Once it was Flyte Tyme. Now it's Runway Studios. Soon it'll be gone.

The recording booth at Runway Studios

The recording booth at Runway Studios Richard McCalley

From the street, it doesn’t look like the kind of place where Janet Jackson would hang out.

But for 15 years, some of the pop diva’s biggest hits—along with songs by Boyz II Men and Mariah Carey—were created in a nondescript office building just off France Avenue in Edina, near Centennial Lakes Park.

Until 2003, this was Flyte Tyme Studios, the home base of Minneapolis superproducers Jimmy “Jam” Harris and Terry Lewis. It’s where Janet recorded “Scream” with her brother Michael, where she and her dancers rehearsed, where she shouted “Minneapolis!” in the middle of “Escapade.”

It looks a lot better on the inside. Well, it does now, anyway. For more than a year, Richard McCalley, Jason Miller, and Dave Lapsley worked to construct Runway Studios, refurbishing the building when its previous tenant vacated. Now there’s an impressive, state-of-the-art studio space where Flyte Tyme once operated. It opened to the public in January. It’ll close at the end of October.

That’s when real estate developer Aeon will take possession of the building and the two-acre lot it sits on, with plans to construct a $22-million, 80-unit affordable housing project on the site. You probably could’ve guessed that’s how this story would end.

By 1987 Janet’s Control had made Jam and Lewis highly in-demand producers, and they’d outgrown their old studio space on 43rd and Nicollet. Rather than leave town, though, they headed out to the ’burbs and constructed a five-studio complex up to their exacting specs.

But the demands of the industry meant the producers had to spend more time in Los Angeles, and in 2003, tired of the commute, Jam and Lewis officially moved their business out west. The Edina building was sold for $2.3 million the following year. It wound up back on the market in 2008.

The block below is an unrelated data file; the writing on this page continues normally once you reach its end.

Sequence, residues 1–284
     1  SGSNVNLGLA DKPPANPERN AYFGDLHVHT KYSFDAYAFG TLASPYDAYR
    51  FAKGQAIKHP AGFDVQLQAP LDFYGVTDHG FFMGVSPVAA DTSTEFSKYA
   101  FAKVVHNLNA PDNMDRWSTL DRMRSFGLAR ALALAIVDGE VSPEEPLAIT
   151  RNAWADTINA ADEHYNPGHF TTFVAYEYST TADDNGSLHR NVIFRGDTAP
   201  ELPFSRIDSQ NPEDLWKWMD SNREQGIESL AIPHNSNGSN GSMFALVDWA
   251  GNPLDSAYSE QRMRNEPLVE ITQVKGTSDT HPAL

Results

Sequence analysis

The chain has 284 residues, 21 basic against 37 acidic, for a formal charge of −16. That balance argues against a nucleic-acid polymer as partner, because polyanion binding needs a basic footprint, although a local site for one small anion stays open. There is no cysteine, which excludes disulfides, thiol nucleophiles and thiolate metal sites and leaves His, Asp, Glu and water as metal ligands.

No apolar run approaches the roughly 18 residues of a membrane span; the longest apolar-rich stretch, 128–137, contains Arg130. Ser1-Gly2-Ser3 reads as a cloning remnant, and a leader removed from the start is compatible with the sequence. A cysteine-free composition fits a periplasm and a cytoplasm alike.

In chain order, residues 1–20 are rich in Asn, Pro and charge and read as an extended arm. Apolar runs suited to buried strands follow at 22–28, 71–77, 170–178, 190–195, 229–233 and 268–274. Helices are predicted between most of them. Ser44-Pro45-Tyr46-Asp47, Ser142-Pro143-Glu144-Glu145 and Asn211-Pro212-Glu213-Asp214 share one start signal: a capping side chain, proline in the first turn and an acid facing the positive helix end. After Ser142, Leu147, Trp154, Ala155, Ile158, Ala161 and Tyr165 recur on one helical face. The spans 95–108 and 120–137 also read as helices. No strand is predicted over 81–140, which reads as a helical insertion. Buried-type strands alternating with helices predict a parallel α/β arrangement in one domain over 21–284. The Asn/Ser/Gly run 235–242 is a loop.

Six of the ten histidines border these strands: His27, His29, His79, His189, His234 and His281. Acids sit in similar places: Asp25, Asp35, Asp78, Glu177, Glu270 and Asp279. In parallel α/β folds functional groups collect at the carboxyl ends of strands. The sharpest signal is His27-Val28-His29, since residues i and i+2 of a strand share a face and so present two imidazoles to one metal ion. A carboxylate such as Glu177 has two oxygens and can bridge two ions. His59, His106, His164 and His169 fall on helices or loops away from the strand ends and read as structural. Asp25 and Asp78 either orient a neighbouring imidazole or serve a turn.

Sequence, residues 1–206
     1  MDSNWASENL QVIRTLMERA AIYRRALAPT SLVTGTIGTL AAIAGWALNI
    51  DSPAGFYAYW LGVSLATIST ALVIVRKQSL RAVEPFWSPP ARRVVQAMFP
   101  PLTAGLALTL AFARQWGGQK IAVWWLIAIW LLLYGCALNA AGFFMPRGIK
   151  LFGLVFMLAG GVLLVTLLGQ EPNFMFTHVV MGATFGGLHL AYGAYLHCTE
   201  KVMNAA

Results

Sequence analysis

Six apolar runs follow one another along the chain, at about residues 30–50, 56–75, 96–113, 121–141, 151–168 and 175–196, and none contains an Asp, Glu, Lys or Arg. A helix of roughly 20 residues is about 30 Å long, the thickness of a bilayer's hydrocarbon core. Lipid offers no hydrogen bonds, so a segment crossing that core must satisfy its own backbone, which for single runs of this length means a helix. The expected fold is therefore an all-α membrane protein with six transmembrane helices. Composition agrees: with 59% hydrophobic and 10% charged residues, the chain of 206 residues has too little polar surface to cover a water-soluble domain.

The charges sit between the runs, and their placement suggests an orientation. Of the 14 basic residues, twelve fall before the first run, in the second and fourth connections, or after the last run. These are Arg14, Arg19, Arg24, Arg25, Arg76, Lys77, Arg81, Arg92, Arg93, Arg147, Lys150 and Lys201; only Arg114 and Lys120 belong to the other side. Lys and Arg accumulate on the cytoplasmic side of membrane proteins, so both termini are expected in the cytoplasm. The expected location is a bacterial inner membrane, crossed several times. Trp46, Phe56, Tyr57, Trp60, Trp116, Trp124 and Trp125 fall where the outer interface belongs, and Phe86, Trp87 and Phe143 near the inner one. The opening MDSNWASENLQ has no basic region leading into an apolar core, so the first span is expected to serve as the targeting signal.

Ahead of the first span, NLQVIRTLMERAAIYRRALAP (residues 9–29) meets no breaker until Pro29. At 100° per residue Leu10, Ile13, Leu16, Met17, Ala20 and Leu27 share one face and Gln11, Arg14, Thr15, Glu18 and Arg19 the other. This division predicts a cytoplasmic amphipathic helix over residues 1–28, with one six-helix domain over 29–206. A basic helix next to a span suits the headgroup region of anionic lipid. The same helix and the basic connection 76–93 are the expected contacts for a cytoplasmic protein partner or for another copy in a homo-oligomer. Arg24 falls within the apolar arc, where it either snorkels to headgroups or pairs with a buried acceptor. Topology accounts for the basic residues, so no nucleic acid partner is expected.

That’s when the building passed to local music industry veterans Richard McCalley and Tom Tucker. “Tom called me one day and said, ‘Hey, let’s buy the place,’” McCalley remembers. “It was just sitting here, and it had such a cool history, so many stars have been through here.”

As you may recall, 2008 was hardly an ideal time for real estate investment. After the market crash, “it was pretty rough going,” McCalley says. But he found a tenant: the Minneapolis Media Institute, a branch of the Madison Media Institute, which stayed there for eight years. When the music school moved out, McCalley placed the building on the market. (Tucker had died a few years earlier.) But he still had plans for the space.

“Richard had the idea to open the studios to the public, since they never had been before,” Miller says. “I started putting together a plan of how to do that strategically, and we decided to move forward.”

Then McCalley lost his wife, Joni, to cancer, and he could no longer play as active a role in the project as he’d planned. So Miller took the reins and brought in Lapsley, a Nashville native whose family had relocated to Minnesota. He’d worked in his hometown music industry and spent nine years touring as Kip Moore’s guitarist.